As enterprises begin to replace and add new solutions to their portfolios, many of them are finding that cloud-based solutions make the most sense for them. While economists have been cautiously stating that the U.S. economy is slowly recovering from the recession that began in 2008, it hasn’t necessarily translated to larger IT budgets for most companies. This has made more cost-effective cloud-based solutions even more attractive than they normally would have been.
Most organizations adopting cloud-based solutions are citing costs as their primary reason for doing so – cloud solutions require little upfront capital and allow companies to use only what they need – more organizations are finding the flexibility of cloud-solutions and the fact that they can be used across geographic sites and mobile devices particularly compelling. One place where cloud solutions make the most sense in terms of both cost and a virtual office perspective is the contact center.
Cloud-based contact center solutions are in a boom and have been for several years now. While the precise numbers vary from analyst group to analyst group, a recent study by International Data Corporation (IDC) entitled “Hosted and On-Demand Contact Center Services 2012-2018 Forecast: Customer Experience Driving Contact Center Interactions to the Cloud” projected that U.S. spending for cloud contact center solutions and services will grow at a compound annual growth rate (CAGR) of 17.5 percent to $1.6 billion in 2018. At this time, the study found, a majority of companies are using or evaluating a hosted or on-demand solution for their contact center.
As contact centers are expected to become more customer-friendly and “omnichannel” while the same time holding down costs, the move to the cloud simply makes sense.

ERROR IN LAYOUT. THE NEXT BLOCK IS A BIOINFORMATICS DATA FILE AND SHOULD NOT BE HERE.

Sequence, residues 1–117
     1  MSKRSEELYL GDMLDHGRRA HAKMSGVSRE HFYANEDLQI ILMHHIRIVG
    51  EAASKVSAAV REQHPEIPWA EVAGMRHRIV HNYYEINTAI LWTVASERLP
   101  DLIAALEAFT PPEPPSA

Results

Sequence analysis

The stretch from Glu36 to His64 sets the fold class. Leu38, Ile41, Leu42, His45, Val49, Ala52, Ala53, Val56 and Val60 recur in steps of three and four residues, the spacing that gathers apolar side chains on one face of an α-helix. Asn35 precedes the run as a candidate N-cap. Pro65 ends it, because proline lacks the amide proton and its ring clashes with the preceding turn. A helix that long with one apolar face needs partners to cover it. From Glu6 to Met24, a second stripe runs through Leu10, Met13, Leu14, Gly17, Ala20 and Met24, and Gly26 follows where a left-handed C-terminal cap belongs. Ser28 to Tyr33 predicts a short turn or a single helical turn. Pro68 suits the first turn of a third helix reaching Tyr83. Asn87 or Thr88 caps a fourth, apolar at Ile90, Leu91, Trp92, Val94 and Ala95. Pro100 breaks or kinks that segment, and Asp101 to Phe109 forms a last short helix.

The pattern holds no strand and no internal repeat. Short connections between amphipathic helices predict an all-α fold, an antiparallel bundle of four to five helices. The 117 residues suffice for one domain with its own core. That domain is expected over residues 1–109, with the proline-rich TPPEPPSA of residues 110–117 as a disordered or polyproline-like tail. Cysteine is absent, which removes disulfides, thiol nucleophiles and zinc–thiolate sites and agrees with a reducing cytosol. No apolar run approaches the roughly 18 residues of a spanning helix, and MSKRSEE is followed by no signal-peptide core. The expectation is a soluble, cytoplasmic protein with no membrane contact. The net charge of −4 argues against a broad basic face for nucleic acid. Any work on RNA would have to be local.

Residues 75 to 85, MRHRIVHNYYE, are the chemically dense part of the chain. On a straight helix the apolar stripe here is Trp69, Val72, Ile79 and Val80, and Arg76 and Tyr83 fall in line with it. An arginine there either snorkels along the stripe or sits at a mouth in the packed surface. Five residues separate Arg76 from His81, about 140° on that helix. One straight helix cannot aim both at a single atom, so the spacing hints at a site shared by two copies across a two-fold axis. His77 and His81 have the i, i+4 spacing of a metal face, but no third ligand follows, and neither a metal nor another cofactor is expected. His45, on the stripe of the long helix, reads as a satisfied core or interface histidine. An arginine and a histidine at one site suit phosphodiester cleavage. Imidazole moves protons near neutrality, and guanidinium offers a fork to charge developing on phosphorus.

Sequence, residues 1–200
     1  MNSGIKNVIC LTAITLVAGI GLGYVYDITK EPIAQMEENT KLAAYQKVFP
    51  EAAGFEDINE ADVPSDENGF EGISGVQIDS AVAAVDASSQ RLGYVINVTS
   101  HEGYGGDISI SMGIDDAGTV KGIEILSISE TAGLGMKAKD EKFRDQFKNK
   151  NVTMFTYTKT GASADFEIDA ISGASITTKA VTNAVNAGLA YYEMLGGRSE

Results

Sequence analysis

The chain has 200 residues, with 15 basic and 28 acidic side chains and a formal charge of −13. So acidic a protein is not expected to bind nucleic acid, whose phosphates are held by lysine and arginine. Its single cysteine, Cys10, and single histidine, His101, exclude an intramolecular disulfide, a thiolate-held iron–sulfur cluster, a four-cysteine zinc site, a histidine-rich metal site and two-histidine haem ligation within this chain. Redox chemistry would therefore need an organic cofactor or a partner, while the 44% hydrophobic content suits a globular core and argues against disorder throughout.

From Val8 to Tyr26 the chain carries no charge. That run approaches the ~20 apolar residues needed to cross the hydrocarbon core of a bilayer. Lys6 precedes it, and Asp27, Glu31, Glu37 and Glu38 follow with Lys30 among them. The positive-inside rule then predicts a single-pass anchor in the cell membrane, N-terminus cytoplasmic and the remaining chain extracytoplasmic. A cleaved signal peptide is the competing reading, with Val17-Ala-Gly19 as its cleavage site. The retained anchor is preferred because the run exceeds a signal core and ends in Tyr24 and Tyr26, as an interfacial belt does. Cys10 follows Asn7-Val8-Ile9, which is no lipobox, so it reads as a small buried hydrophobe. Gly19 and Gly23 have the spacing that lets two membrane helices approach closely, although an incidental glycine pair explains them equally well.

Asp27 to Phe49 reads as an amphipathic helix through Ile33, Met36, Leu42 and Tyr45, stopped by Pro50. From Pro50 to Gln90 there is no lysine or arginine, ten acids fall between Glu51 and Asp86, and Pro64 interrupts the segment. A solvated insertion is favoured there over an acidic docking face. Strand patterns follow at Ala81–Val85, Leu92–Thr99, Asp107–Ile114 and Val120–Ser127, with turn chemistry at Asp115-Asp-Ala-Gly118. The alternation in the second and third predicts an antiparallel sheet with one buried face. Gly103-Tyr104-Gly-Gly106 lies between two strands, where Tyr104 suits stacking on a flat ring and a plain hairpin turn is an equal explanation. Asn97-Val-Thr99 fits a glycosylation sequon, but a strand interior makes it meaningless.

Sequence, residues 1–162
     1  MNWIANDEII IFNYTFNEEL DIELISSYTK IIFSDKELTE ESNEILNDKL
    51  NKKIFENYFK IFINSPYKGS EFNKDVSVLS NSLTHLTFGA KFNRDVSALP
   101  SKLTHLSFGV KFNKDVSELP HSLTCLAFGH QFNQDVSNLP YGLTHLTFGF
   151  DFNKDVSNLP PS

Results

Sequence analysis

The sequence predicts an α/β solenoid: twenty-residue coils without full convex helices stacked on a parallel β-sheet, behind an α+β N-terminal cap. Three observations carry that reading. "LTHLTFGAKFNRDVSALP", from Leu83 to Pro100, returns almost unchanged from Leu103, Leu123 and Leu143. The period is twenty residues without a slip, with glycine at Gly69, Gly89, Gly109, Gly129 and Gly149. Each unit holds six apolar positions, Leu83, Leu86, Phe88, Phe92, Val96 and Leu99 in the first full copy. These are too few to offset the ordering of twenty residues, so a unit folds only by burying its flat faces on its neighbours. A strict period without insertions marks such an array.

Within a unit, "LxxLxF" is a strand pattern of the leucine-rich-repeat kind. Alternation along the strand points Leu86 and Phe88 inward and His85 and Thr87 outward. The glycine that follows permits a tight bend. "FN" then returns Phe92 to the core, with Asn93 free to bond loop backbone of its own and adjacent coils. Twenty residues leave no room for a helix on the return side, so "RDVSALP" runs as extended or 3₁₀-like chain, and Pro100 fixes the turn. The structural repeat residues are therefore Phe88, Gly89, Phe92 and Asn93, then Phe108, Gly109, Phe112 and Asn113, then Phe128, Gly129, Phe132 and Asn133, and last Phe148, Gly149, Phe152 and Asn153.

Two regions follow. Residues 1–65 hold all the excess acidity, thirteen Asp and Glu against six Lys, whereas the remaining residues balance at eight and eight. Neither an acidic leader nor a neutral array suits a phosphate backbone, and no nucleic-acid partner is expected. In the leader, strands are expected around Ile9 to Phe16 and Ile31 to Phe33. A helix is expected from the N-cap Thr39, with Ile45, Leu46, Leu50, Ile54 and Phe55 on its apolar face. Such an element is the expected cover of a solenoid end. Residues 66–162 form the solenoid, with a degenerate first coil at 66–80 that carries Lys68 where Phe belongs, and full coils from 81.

"End consumer demands combined with a need for speed, flexibility, and cost reduction are all driving companies to evaluate hosted and on-demand solutions," said Melissa O'Brien, research analyst for IDC’s Worldwide Contact Center Services, in a statement.
IDC survey data shows that 39 percent of respondents were using a hosted or on-demand service, 38 percent were evaluating a hosted or on-demand service, and only 23 percent were using a premises-based system and not evaluating the hosted or on-demand model. While smaller contact centers have found value in the cloud model for years – it provides them with advanced features and flexibility at an affordable cost – larger enterprises have been laggards with the cloud model, often citing security concerns. As the costs become more compelling, even larger enterprises are beginning to seek the efficiencies they can gain from the cloud, which will continue to propel the adoption of these solutions.
And while the penetration of cloud-based contact center solutions is highest in North America and Europe, other regions, such as Asia and South America, are beginning to turn their attention to cloud-based solutions, which is likely to propel the market even further.